Bonding With Your Dog Involves Lots of Mutual Gazing. Not All Breeds Find It So Easy
Humans and dogs have been staring into each other’s eyes for generations. Whether it’s a pleading gaze for some leftovers, or a loving stare before a lick on the face, many dogs have mastered the art of making eye contact with their human companions.
You might think this is just a side effect of living with humans for thousands of years – an adaptation for easier communications – but there are multiple reasons for dogs to stare at humans, and a new study has found that some dogs are better at it than others.
“Mutual gaze also plays a role in dog–human bonding,” the team writes in their new paper. “Its duration is associated with increased oxytocin levels in both dogs and their human partners.”
The researchers measured a number of different factors to investigate what causes dogs to share more eye contact with humans. They measured the age and playfulness of the dogs around strangers, as well as the breed and traditional function that the dogs may have had.
They also took some measurements of the dogs’ heads, known as their cephalic index.
(Bognár et al., Scientific Reports, 2021)
You might not imagine that the ratio between a dog’s snout length and head width would make much change to eye contact, but it actually produces a genuine difference in how these dog breeds see the world.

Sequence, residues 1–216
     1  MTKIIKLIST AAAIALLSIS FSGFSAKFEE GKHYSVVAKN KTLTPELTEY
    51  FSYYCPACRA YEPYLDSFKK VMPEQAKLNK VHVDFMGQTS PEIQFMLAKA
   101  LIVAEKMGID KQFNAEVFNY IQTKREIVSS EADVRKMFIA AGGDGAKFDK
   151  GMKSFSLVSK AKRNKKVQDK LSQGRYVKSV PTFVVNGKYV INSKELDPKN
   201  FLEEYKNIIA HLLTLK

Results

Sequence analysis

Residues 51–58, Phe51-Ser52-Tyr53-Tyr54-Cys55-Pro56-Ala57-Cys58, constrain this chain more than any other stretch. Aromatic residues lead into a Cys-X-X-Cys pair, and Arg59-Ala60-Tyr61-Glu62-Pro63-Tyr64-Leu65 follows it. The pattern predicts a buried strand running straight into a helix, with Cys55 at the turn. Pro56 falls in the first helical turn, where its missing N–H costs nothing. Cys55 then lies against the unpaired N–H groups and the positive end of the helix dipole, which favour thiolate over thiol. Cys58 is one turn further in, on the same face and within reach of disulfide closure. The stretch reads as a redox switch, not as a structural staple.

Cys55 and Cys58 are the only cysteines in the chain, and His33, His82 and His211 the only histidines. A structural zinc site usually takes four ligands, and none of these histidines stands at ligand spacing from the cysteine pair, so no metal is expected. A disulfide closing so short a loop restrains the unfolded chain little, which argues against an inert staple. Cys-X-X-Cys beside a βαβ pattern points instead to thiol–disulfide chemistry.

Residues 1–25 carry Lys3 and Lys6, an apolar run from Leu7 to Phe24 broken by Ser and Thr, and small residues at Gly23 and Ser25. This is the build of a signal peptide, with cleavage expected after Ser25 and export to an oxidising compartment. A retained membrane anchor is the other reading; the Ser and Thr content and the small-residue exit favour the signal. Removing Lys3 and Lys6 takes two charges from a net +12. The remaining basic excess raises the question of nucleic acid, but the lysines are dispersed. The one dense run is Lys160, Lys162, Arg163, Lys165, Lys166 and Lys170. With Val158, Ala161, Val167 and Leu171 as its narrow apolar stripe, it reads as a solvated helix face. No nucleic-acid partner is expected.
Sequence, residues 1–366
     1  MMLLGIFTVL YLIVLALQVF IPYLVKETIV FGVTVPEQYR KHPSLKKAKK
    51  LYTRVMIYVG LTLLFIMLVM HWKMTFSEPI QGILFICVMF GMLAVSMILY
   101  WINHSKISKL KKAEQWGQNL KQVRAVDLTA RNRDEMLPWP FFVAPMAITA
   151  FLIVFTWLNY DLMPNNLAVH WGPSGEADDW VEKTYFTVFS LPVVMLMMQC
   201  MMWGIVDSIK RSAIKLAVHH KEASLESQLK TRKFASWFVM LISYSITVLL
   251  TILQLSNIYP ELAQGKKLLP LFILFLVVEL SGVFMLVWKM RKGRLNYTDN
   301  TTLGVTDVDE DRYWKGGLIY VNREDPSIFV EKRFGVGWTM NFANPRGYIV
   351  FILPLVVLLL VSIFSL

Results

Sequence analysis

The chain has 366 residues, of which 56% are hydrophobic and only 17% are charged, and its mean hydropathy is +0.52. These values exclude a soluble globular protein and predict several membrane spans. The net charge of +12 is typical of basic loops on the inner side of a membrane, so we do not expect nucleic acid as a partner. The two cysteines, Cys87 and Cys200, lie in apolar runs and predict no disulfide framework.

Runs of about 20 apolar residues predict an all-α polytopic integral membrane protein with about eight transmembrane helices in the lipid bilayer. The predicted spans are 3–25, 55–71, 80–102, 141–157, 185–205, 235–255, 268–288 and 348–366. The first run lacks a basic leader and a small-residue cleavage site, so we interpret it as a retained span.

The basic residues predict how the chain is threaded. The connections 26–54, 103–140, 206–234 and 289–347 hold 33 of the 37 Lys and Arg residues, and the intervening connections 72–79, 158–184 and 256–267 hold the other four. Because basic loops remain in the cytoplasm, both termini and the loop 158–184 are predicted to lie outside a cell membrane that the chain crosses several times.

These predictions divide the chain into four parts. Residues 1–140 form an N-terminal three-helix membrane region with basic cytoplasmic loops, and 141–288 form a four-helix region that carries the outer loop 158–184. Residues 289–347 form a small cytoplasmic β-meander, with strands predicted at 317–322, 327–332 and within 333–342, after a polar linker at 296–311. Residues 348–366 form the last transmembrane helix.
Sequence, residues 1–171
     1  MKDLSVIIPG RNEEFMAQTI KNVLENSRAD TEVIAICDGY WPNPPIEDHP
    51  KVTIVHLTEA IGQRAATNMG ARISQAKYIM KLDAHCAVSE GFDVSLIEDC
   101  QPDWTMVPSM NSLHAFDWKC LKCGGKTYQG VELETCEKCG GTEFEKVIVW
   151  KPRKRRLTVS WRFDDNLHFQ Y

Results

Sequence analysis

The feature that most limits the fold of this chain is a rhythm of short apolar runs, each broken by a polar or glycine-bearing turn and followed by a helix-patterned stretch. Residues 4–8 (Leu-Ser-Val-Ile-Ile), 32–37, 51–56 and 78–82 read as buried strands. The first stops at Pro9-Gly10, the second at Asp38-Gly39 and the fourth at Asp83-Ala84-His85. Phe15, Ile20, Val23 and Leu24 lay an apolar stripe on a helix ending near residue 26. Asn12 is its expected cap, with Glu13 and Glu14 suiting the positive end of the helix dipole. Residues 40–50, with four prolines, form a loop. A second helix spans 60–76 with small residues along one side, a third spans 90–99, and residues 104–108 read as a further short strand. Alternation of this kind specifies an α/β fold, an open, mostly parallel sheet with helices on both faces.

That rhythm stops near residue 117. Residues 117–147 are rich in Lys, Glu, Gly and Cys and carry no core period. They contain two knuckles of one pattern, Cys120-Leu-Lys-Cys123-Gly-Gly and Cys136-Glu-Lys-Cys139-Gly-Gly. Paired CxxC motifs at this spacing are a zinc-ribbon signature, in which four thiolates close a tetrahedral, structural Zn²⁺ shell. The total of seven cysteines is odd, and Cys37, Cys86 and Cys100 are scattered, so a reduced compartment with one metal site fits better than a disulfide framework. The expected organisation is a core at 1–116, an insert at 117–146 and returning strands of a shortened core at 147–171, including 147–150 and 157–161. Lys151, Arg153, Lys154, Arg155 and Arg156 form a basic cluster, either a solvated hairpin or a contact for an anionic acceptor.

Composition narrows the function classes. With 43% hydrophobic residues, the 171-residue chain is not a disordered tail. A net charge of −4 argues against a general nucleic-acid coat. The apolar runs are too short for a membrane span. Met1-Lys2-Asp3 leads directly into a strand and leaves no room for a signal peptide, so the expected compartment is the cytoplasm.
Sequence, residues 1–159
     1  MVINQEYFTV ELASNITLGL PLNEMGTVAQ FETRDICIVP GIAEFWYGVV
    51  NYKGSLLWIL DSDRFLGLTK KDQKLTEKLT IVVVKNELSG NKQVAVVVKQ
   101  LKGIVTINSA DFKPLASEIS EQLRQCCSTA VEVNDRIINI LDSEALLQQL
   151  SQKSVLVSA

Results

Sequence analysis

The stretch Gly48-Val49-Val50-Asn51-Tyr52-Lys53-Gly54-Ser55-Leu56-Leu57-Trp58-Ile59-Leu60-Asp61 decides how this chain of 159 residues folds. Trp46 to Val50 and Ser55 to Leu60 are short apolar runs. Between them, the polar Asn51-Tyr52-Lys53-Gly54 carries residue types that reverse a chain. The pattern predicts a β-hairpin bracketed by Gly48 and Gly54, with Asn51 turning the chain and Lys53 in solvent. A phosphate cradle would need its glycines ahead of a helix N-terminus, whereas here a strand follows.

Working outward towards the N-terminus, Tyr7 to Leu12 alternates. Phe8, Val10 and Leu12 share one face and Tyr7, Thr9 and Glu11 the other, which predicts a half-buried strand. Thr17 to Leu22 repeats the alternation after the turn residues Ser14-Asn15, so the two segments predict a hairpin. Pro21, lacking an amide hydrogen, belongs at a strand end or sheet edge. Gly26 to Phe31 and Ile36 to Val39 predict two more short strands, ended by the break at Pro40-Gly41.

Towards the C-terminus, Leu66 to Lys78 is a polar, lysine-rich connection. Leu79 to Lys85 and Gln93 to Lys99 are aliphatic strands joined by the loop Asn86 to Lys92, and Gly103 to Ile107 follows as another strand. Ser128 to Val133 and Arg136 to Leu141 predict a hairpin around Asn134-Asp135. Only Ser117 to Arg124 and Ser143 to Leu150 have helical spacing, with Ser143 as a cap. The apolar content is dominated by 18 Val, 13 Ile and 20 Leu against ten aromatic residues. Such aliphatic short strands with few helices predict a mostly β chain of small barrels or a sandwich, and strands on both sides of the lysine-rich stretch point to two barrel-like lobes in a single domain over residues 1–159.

Short, thick-headed dogs can see less in their periphery than those with long thin heads, and past research has shown that those with shorter heads are more successful at following human gestures than those with long heads.
“It is likely that they see the human face more sharply because of their special retina, but it is also possible that their owners gaze at them more often as their facial features resemble a small child, a powerful cue for humans,” said the first author of the study, ethologist Zsófia Bognár from Eötvös Loránd University in Hungary.
“Because of this, dogs with shorter noses may be more experienced in making eye contact… The boxer, bulldog, pug, and snub-nosed dogs, in general, have a more pronounced area centralis in the retina, so they can better respond to stimuli in the central field, which may make it easier for them to form eye contact with humans.”
The team took 125 adult dogs through a series of experiments, including one where dogs were given a bit of sausage each time after making eye contact with the experimenter.
As you would expect, the team found the dogs got faster at making eye contact as the experiment went on, but they also discovered that numerous factors regarding the dogs’ head sizes and breeds affected the speed and amount of eye contact between the different animals.
“Results showed that dogs with a higher cephalic index (shorter head) established eye contact faster,” the team writes.
“Breed function also affected dogs’ performance: cooperative breeds and mongrels established eye contact faster than dogs from non-cooperative breeds. Younger dogs formed eye contact faster than older ones. More playful dogs formed eye contact faster.”
Who knew that the behavior of humans’ best friends depended so much on the shape of their nose?